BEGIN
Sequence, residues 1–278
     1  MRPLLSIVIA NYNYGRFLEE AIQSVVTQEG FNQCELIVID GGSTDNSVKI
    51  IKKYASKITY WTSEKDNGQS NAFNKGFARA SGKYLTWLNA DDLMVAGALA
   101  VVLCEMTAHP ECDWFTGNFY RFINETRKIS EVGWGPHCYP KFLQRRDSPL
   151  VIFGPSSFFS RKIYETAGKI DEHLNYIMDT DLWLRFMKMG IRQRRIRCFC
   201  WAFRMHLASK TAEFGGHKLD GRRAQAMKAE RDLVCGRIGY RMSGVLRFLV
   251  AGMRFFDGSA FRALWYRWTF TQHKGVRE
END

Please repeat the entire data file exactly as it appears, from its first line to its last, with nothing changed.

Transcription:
Sequence, residues 1–278
     1  MRPLLSIVIA NYNYGRFLEE AIQSVVTQEG FNQCELIVID GGSTDNSVKI
    51  IKKYASKITY WTSEKDNGQS NAFNKGFARA SGKYLTWLNA DDLMVAGALA
   101  VVLCEMTAHP ECDWFTGNFY RFINETRKIS EVGWGPHCYP KFLQRRDSPL
   151  VIFGPSSFFS RKIYETAGKI DEHLNYIMDT DLWLRFMKMG IRQRRIRCFC
   201  WAFRMHLASK TAEFGGHKLD GRRAQAMKAE RDLVCGRIGY RMSGVLRFLV
   251  AGMRFFDGSA FRALWYRWTF TQHKGVRE